Digitalisation technology enables shipping companies to reduce operating costs and sail safer, but wariness of data sharing and perceived costs remain barriers
Internet of things (IoT) is ready for full fleet implementation, but many shipowners and charterers are not. There are multiple barriers currently preventing owners and managers from investing in IoT despite the proven financial, efficiency and safety benefits.
These were the benefits industry leaders described to editor Martyn Wingrove as he moderated a webinar on the subject of shipping and IoT. During this event Inmarsat head of communications Mark Warner explained how some early adopters of IoT have already seen these benefits. “There is polarisation between the leaders and laggards in IoT implementation,” he said.
However, more shipping companies will follow these early adopters if chief executives can be persuaded of the benefits. “Change is leadership-driven,” said Mr Warner. “It has to be pushed from the board down.”
Early IoT adopters are using networks of sensors to collate information on ship systems. They then use satellite communications, including Inmarsat’s fifth-generation constellation, to transfer data in significant volumes from ship to shore, so these bytes can be analysed for operational trends.
ClassNK lead business strategist Vikrant Sharma predicts falling communications costs and higher satellite capacity will drive construction of IoT-connected ships. “This is also likely to lead to more remote operations.”
He expects implementation of IoT will be assisted by developing “open platforms to access data from ships safely, easily and efficiently”. Collaborative working on such an open platform will “foster innovation and create new value” he said.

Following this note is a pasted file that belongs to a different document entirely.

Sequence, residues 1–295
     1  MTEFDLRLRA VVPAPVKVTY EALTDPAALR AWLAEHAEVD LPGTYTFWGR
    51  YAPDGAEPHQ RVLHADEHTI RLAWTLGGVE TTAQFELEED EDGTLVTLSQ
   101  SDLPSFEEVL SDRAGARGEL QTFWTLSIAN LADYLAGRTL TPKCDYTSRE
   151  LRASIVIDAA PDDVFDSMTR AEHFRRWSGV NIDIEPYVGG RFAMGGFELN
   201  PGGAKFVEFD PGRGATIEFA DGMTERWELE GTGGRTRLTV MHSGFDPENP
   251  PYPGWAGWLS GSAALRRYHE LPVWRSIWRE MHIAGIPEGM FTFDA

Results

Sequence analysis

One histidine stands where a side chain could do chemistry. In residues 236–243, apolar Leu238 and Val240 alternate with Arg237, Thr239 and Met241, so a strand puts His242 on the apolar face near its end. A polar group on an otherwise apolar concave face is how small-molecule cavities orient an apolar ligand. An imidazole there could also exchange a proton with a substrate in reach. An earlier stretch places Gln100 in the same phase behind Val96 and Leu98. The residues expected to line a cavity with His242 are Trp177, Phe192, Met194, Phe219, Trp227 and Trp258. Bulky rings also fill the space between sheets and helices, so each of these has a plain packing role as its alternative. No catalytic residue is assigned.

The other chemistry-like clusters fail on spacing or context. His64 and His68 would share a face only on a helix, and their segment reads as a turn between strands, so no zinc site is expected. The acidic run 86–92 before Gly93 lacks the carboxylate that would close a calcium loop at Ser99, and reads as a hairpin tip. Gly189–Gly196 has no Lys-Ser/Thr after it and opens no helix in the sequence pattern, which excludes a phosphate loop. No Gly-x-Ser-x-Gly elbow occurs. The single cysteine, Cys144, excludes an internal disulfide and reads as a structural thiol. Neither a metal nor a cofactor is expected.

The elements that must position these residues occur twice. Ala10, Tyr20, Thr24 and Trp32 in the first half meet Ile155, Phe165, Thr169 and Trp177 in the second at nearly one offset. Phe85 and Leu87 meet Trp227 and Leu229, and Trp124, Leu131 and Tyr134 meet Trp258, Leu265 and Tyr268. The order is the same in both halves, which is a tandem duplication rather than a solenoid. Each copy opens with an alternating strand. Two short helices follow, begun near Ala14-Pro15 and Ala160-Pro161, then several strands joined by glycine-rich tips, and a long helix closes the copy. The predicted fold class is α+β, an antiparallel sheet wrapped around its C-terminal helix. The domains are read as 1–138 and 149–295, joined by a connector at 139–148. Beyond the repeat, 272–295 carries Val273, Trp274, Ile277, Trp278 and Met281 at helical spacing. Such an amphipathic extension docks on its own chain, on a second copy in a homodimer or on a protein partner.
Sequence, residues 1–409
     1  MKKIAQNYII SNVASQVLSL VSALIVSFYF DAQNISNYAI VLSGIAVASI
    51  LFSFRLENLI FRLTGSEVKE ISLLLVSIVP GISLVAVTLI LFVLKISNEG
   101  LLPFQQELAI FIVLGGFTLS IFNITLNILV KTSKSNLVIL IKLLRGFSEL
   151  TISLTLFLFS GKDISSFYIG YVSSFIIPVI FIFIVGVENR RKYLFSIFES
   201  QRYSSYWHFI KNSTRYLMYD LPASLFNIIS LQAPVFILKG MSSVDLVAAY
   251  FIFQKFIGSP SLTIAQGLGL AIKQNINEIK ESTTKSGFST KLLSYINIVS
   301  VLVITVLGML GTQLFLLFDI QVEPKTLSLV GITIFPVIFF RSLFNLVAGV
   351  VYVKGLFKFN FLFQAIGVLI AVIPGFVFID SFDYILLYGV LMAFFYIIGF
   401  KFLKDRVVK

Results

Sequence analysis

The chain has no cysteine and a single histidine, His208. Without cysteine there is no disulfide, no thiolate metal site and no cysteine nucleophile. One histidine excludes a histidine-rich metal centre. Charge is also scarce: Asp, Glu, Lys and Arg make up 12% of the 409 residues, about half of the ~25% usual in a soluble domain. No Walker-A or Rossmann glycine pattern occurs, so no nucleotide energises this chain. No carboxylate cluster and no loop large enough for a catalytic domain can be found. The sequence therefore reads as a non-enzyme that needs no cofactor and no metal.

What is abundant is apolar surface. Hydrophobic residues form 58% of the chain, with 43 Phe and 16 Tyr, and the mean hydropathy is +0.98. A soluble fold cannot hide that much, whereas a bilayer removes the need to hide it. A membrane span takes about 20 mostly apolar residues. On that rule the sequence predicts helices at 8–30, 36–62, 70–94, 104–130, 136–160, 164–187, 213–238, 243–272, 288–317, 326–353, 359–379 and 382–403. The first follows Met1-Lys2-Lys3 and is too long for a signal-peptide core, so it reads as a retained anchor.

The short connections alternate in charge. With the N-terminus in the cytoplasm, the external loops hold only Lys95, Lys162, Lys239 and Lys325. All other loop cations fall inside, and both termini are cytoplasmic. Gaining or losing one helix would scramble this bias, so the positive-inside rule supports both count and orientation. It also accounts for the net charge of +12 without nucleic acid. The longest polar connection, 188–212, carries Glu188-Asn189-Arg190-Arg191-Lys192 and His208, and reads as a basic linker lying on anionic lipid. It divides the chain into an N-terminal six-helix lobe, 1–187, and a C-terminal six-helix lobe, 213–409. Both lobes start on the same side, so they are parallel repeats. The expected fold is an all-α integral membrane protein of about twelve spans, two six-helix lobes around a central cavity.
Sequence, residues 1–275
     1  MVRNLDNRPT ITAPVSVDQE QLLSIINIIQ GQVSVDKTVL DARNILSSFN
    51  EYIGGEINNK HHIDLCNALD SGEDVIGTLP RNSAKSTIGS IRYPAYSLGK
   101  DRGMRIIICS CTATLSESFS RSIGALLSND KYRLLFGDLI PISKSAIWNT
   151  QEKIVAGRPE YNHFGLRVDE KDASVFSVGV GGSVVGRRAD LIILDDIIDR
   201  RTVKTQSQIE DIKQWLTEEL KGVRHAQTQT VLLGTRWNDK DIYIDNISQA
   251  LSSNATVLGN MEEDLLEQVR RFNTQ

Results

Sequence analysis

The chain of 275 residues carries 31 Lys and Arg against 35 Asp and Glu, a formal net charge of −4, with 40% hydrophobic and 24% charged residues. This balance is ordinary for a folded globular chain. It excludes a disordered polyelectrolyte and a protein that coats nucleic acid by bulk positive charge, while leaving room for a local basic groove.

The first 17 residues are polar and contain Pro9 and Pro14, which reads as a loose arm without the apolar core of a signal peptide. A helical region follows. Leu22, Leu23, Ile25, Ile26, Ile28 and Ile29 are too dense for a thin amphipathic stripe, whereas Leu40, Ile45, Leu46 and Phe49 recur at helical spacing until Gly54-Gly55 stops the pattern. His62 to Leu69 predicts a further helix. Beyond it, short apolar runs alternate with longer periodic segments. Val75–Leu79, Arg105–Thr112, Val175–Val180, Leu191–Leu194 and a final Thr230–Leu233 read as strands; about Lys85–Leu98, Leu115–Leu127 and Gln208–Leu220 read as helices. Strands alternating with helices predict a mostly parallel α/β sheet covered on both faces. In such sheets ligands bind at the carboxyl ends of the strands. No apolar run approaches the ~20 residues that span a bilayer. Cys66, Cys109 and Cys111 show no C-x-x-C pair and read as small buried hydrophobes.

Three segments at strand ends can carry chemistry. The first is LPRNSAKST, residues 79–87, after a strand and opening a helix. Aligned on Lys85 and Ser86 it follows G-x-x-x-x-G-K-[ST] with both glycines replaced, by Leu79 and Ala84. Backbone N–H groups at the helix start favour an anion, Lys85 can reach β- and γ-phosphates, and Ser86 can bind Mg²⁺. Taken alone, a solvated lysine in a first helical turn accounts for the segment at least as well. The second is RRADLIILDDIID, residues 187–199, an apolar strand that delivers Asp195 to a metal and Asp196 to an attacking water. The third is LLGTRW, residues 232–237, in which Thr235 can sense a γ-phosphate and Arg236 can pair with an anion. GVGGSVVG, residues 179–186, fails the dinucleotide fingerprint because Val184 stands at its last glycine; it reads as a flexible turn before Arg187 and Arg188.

IoT team effort
Napa president Ilmo Kuutti thinks collaboration across the whole shipping industry will be vital to further technology adoption. “IoT will be a team effort between the captain, owner, charterer and weather information provider, who will together create the best possible operations,” he said.
However, Mr Kuutti told Marine Electronics & Communications that charterparty agreements are the biggest challenge to IoT adoption. “They are based on the traditional way of shipping and make barriers to IoT. They prevent ship operators, owners and charterers from taking the benefits,” he said.
One of the earlier IoT technology innovations was virtual arrival, which enables a ship operator to plan a vessel’s voyage to arrive at a port at the optimum time for its cargo requirements, thus reducing fuel consumption. But Mr Kuutti said virtual arrival “has not been taken up yet” by operators. “It is still very common for ships to travel faster than they need during the early stages of their voyages, then wait for considerable time at anchor.”
Wariness towards data-sharing and transparency are also barriers, he added. However, Mr Kuutti thinks regulations such as the EU’s monitoring, reporting and verification (MRV) will “drive a lot of technology uptake that will deliver valuable statistical data”.
“Within five years, IoT will be used by most ships to benefit the stakeholders”
He also believes the majority of shipping companies will adopt IoT and digitalisation technologies. “Within five years, IoT will be used by most ships to benefit the stakeholders,” he told MEC. These benefits will include “optimising performance, speed profile optimisation and routeing”.
Mr Kuutti went on to highlight the fuel efficiency benefits. “Greater than 5% improvements can be easily gained just through better voyage planning and execution.”
Danelec Marine chief executive Hans Ottosen highlighted the safety benefits of IoT. “Each time you have an accident, there are usually 20 near misses,” he explained. “Currently we are not learning from the near misses, but only when there is a serious incident. If there had been good IoT monitoring this accident could have been avoided.”
This Marine Electronics & Communications moderated webinar can be viewed online using this link http://bit.ly/MEC_IoT_Webinar